๐Ÿ˜ด Get plenty of rest: During a flare-up, it is important to get plenty of rest. This can help to reduce inflammation and alleviate pain. It is also important to try to maintain a regular sleep schedule, as sleep can help your body recover and repair itself. 

We polled people with rheumatoid arthritis on our Instagram and asked them what was the most beneficial in helping manage their arthritis flare up. 100% of people reported that rest was the MOST important for helping them get through the flare-up.

๐Ÿƒโ€โ™€๏ธExercise regularly: Regular exercise can help to reduce inflammation, improve joint function, and alleviate pain. During a flare-up, it may be necessary to modify your exercise routine or reduce the intensity of your workouts. Youโ€™ll want to find something that is gentle movement and ease into it.

For example, if you are experiencing rheumatoid arthritis flare up symptoms in your hand, try a gentle range of motion exercises like the one shown here in the Reactiv app.

Gif depicting Reactiv Candy Match Game using hand to control game motion
Reactiv Candy Match Game

This helps to gently start to move the hand and increase blood flow which can help circulate anti-inflammatory cells in the body to reduce inflammation.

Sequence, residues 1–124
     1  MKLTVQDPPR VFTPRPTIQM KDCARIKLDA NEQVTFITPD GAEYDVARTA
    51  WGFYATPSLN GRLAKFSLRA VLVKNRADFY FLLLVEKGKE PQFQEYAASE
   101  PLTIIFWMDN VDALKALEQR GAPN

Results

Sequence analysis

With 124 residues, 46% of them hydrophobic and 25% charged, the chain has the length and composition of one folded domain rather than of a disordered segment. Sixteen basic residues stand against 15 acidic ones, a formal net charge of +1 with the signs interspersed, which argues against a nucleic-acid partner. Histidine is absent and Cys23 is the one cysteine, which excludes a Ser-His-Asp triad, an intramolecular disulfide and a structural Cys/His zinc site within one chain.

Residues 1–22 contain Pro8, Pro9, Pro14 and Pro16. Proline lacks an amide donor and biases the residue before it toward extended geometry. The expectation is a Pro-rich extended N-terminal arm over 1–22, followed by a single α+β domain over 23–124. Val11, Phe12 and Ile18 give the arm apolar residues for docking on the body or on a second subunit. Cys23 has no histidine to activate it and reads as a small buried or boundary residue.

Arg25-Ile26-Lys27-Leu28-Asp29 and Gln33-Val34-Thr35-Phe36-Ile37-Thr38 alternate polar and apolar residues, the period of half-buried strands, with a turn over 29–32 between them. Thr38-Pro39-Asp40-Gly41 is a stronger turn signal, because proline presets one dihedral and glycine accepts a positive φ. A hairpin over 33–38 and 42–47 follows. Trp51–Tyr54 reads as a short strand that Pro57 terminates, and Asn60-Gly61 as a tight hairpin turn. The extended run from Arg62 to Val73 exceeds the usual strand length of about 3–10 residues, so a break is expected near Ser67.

๐ŸฅฆEat a healthy diet: A healthy diet can help to reduce inflammation and improve overall health. It is important to consume a variety of fruits, vegetables, and whole grains, as well as lean proteins. Avoiding processed foods, sugary drinks, and saturated fats can also help to reduce inflammation.

Pro tip: Shop the perimeter of the grocery store. This is where the more fresh food is often shelved.

๐Ÿ’งStay hydrated: Drinking plenty of water can help to reduce inflammation and flush toxins out of your body. It is important to stay hydrated, especially during a flare-up, to help your body function optimally.

Pro tip: Try purchasing a refillable water bottle that you can keep with you throughout the day and fill up at least at every meal time.

๐Ÿง˜โ€โ™€๏ธPractice stress-reduction techniques: Stress can exacerbate RA symptoms and trigger flare-ups. It is important to find ways to manage stress, such as through relaxation techniques, counseling, or exercise.

๐Ÿซถ Seek support: Managing a chronic illness can be overwhelming and it is important to seek support from healthcare professionals, friends, family, and others with chronic conditions. 

Managing a rheumatoid arthritis flare-up can be challenging, but by following these tips and working closely with your healthcare team, you can reduce your symptoms and maintain your quality of life.

It’s important to remember that every person with rheumatoid arthritis is different, and what works for one person may not work for another. It may take some trial and error to find the best management strategies for you.

Disclaimer: This post is for general informational purposes only. It should not be used to self-diagnose and it is not a substitute for a medical exam, cure, treatment, diagnosis, and prescription or recommendation. You should not make any change in your health regimen, exercise regimen, or diet before first consulting a physician and obtaining a medical exam, diagnosis, and recommendation. Reactiv Inc. is not liable or responsible for any advice, course of treatment, diagnosis or any conclusions drawn, services or product you obtain through this post, video, infographic, table, photos, or site.